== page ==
KATHMANDU – A Nepalese woman who was gang-raped as a child finally has seen her attackers convicted after a yearslong legal battle that took her to the country’s highest court, but said she was still waiting for compensation for her ordeal.
Pooja Bohara was dragged into a bathroom and raped in 2012 when she was 14, a case that made headlines and triggered anger across the Himalayan nation.
On Thursday, the Supreme Court found two men guilty of gang rape, four years after a lower court acquitted them citing a lack of evidence.
The two men now face a jail sentence of up to 19 years, but Bohara, who was stigmatized and was ostracized even by some of her own relatives after she reported the attack, said that did not amount to justice. “Does just sending two men to jail mean justice to me?” she said in a brief telephone interview. “I should also get compensation.”
Bohara left her village in remote western Nepal after the attack and was given shelter by the charity Raksha Nepal, which helps sexually exploited girls and women.
Since then she has embarked on a law degree, saying she wanted to become a judge to help other victims get justice, and is now in her final year.
Menuka Thapa, who heads Raksha Nepal, said Bohara was granted compensation after her attackers were convicted for the first time, but the payment got held up by their appeal.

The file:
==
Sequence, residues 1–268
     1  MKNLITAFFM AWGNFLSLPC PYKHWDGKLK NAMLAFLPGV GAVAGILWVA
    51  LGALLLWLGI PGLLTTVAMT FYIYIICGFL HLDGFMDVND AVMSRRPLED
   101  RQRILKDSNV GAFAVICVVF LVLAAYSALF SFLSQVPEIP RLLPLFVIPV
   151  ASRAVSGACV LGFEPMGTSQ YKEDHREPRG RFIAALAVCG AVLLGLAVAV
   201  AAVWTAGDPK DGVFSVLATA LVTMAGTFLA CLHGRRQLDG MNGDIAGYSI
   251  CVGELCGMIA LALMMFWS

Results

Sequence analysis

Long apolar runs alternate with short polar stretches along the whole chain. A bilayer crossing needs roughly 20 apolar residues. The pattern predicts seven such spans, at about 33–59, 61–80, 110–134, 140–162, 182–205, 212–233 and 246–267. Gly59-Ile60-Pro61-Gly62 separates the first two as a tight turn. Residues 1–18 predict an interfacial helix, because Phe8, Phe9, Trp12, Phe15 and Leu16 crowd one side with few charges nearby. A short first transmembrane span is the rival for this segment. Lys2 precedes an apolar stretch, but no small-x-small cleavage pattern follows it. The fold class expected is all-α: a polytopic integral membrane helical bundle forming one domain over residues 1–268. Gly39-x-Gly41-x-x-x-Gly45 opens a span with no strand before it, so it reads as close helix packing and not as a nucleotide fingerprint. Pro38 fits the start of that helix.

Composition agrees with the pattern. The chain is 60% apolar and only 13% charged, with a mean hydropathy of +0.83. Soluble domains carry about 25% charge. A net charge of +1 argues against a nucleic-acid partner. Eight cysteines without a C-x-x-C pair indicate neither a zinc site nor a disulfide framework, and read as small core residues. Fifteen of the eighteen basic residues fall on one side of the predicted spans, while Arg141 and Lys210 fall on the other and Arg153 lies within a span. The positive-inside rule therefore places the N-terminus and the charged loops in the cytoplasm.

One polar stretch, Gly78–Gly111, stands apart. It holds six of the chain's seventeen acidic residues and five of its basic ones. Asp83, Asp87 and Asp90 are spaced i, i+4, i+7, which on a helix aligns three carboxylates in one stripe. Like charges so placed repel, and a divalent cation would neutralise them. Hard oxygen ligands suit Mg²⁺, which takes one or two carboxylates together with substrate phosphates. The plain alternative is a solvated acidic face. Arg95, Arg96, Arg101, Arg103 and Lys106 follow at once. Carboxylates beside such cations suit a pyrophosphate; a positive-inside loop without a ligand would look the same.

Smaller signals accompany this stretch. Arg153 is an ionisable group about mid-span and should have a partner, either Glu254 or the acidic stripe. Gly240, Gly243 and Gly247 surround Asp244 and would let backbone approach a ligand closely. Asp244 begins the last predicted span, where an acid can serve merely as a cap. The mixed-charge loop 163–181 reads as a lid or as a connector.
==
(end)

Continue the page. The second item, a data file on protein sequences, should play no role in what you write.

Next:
She welcomed the Supreme Court verdict, saying it showed there was “rule of law” in Nepal. “This has raised hopes that even poor and ordinary victims like Pooja can get justice,” said Thapa.
An average of three rapes are reported in Nepal every day, but the real number is likely much higher, according to Human Rights Watch.
In recent years greater media attention, protests by civil society groups and changes in some government policies have helped embolden women and raise awareness about their rights, say campaigners.
Earlier this month, Nepal’s parliament speaker resigned to allow an investigation into a rape accusation against him.
Yet the conviction rate for crimes against women remains low at about 5 percent because many victims do not testify for fear of the stigma associated with rape, said Thapa of Raksha Nepal.